Regulation of Hematopoietic Stem Cell Behavior by the Nanostructured Presentation of Extracellular Matrix Components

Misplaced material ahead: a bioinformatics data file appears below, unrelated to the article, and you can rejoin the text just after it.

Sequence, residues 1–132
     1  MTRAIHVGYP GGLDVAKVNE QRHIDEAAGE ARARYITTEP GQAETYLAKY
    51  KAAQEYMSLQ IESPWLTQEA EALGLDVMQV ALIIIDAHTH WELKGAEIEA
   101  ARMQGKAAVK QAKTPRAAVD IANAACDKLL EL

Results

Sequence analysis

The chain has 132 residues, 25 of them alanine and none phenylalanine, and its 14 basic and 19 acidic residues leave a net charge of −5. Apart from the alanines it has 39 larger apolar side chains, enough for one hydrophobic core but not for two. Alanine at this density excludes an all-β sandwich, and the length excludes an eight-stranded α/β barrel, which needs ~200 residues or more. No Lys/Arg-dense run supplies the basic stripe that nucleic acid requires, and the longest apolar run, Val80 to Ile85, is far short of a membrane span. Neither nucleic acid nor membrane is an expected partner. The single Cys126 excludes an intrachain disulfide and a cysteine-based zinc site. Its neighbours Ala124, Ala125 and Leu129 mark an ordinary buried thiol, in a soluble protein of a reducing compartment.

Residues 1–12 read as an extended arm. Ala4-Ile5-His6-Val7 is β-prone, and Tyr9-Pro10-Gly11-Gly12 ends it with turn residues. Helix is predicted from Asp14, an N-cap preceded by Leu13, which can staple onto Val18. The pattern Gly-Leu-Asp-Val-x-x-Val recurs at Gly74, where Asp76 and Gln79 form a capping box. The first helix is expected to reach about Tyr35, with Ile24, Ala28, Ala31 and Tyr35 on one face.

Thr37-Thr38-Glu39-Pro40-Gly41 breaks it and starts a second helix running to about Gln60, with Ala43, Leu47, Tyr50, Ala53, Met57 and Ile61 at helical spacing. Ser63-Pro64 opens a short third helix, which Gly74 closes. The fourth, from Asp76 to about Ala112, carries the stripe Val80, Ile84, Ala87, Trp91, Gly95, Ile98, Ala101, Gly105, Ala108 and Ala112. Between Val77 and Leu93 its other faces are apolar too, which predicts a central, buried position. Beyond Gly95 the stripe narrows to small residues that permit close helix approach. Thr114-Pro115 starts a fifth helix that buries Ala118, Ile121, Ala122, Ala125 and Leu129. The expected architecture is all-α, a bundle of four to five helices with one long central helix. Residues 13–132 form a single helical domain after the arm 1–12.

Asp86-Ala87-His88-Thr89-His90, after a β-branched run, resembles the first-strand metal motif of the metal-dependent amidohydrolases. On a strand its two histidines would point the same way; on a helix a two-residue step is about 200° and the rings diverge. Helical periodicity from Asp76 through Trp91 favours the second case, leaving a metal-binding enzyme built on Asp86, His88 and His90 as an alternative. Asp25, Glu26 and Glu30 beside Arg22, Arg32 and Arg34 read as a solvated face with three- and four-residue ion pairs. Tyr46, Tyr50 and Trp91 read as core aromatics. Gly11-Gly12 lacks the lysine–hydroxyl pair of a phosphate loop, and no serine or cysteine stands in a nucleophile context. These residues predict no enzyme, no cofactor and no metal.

>Hematopoietic stem cells (HSCs) are maintained in stem cell niches, which regulate stem cell fate. Extracellular matrix (ECM) molecules, which are an essential part of these niches, can actively modulate cell functions. However, only little is known on the impact of ECM ligands on HSCs in a biomimetic environment defined on the nanometer-scale level. Here, we show that human hematopoietic stem and progenitor cell (HSPC) adhesion depends on the type of ligand, i.e., the type of ECM molecule, and the lateral, nanometer-scaled distance between the ligands (while the ligand type influenced the dependency on the latter). For small fibronectin (FN)–derived peptide ligands such as RGD and LDV the critical adhesive interligand distance for HSPCs was below 45 nm. FN-derived (FN type III 7–10) and osteopontin-derived protein domains also supported cell adhesion at greater distances. We found that the expression of the ECM protein thrombospondin-2 (THBS2) in HSPCs depends on the presence of the ligand type and its nanostructured presentation. Functionally, THBS2 proved to mediate adhesion of HSPCs. In conclusion, the present study shows that HSPCs are sensitive to the nanostructure of their microenvironment and that they are able to actively modulate their environment by secreting ECM factors.

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